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Stronger activity of human immunodeficiency virus type 1 protease inhibitors against clinical isolates of Plasmodium vivax than against those of P. falciparum

Lek-Uthai, U., Suwanarusk, Rossarin, Ruengweerayut, R., Skinner-Adams, T., Nosten, F., Gardiner, D. L., Boonma, Prapaporn, Piera, Kim A., Andrews, K. T., Machunter, Barbara, McCarthy, J. S., Anstey, Nicholas M., Price, Ric N. and Russell, Bruce (2008). Stronger activity of human immunodeficiency virus type 1 protease inhibitors against clinical isolates of Plasmodium vivax than against those of P. falciparum. Antimicrobial Agents and Chemotherapy,52(7):2435-2441.

Document type: Journal Article

IRMA ID 10026xPUB7
Title Stronger activity of human immunodeficiency virus type 1 protease inhibitors against clinical isolates of Plasmodium vivax than against those of P. falciparum
Author Lek-Uthai, U.
Suwanarusk, Rossarin
Ruengweerayut, R.
Skinner-Adams, T.
Nosten, F.
Gardiner, D. L.
Boonma, Prapaporn
Piera, Kim A.
Andrews, K. T.
Machunter, Barbara
McCarthy, J. S.
Anstey, Nicholas M.
Price, Ric N.
Russell, Bruce
Journal Name Antimicrobial Agents and Chemotherapy
Publication Date 2008
Volume Number 52
Issue Number 7
ISSN 1098-6596   (check CDU catalogue open catalogue search in new window)
Start Page 2435
End Page 2441
Total Pages 7
Place of Publication Washington, United States
Publisher American Society for Microbiology
Field of Research 0605 - Microbiology
1108 - Medical Microbiology
HERDC Category C1 - Journal Article (DEST)
Abstract Recent studies using laboratory clones have demonstrated that several antiretroviral protease inhibitors (PIs) inhibit the growth of Plasmodium falciparum at concentrations that may be of clinical significance, especially during human immunodeficiency virus type 1 (HIV-1) and malaria coinfection. Using clinical isolates, we now demonstrate the in vitro effectiveness of two HIV-1 aspartic PIs, saquinavir (SQV) and ritonavir (RTV), against P. vivax (n = 30) and P. falciparum (n = 20) from populations subjected to high levels of mefloquine and artesunate pressure on the Thailand-Myanmar border. The median 50% inhibitory concentration values of P. vivax to RTV and SQV were 2,233 nM (range, 732 to 7,738 nM) and 4,230 nM (range, 1,326 to 8,452 nM), respectively, both within the therapeutic concentration range commonly found for patients treated with these PIs. RTV was fourfold more effective at inhibiting P. vivax than it was at inhibiting P. falciparum, compared to a twofold difference in SQV sensitivity. An increased P. falciparum mdrl copy number was present in 33% (3/9) of isolates and that of P. vivax mdrl was present in 9% of isolates (2/22), but neither was associated with PI sensitivity. The inter-Plasmodium sp. variations in PI sensitivity indicate key differences between P. vivax and P. falciparum. PI-containing antiretroviral regimens may demonstrate prophylactic activity against both vivax and falciparum malaria in HIV-infected patients who reside in areas where multidrug-resistant P. vivax or P. falciparum is found.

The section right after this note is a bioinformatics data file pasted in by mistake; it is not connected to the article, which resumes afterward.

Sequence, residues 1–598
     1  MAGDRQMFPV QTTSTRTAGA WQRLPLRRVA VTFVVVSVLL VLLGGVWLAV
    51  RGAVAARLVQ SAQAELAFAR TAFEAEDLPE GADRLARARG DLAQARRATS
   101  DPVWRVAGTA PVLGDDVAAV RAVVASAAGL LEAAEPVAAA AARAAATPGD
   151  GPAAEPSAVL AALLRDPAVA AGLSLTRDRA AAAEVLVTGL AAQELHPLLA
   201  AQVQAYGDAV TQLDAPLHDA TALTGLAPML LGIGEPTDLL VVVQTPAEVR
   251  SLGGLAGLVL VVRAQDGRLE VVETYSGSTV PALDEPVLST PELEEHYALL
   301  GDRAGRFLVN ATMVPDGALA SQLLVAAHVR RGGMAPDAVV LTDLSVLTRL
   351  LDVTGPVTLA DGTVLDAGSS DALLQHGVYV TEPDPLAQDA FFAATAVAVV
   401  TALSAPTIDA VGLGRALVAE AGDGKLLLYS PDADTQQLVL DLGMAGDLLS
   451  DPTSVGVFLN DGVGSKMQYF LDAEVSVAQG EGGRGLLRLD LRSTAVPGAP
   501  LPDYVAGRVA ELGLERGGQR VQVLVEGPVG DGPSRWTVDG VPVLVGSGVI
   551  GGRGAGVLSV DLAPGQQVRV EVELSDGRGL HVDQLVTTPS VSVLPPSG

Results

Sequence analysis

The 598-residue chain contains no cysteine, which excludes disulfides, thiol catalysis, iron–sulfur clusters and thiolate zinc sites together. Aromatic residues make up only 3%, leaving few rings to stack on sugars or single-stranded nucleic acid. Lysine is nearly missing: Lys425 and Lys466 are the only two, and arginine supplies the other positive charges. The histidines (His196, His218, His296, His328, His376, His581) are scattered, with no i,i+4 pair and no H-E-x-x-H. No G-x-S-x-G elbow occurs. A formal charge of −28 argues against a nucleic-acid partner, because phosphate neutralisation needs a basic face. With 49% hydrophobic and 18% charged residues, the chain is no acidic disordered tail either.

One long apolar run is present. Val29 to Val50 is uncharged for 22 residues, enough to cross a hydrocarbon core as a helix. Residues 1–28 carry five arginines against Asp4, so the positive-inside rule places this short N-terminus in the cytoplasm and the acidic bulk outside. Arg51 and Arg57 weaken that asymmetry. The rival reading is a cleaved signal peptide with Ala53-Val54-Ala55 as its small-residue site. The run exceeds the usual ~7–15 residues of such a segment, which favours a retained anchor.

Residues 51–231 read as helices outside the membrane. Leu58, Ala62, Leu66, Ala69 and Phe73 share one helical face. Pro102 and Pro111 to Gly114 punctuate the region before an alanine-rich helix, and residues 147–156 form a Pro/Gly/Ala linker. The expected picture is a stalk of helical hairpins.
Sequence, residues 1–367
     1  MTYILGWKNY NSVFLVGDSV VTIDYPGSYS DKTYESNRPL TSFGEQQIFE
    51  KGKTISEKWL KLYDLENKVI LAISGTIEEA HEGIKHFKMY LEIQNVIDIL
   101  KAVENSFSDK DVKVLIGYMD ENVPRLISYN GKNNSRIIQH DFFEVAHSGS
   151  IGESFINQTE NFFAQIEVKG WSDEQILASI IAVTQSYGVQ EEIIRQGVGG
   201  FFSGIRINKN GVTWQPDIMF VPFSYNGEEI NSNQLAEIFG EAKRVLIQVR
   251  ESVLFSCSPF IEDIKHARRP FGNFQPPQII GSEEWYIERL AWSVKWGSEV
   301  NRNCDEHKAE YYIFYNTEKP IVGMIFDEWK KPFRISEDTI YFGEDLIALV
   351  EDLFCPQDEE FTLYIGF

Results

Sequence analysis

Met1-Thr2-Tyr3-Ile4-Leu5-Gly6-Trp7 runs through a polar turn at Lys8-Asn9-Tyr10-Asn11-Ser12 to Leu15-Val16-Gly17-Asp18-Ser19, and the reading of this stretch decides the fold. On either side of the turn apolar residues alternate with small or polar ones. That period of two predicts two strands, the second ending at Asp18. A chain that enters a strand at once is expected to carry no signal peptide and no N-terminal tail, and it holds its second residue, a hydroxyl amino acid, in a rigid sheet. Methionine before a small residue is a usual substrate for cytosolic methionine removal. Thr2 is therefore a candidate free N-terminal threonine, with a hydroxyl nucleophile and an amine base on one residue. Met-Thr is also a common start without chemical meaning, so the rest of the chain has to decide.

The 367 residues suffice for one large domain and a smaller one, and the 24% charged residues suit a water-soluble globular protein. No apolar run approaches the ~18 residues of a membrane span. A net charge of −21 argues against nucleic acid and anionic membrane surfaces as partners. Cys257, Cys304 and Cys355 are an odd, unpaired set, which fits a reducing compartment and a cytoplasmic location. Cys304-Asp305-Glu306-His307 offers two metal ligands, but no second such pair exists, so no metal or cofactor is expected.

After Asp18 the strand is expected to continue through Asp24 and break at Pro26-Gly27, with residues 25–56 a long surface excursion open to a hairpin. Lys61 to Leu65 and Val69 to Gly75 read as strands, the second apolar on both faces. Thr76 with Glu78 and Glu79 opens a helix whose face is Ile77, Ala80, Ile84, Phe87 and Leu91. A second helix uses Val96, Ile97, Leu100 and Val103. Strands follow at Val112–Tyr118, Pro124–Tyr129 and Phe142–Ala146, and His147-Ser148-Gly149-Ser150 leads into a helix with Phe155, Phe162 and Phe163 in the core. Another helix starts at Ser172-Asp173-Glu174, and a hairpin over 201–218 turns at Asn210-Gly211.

DOI http://dx.doi.org/10.1128/AAC.00169-08   (check subscription with CDU E-Gateway service for CDU Staff and Students  check subscription with CDU E-Gateway in new window)
 
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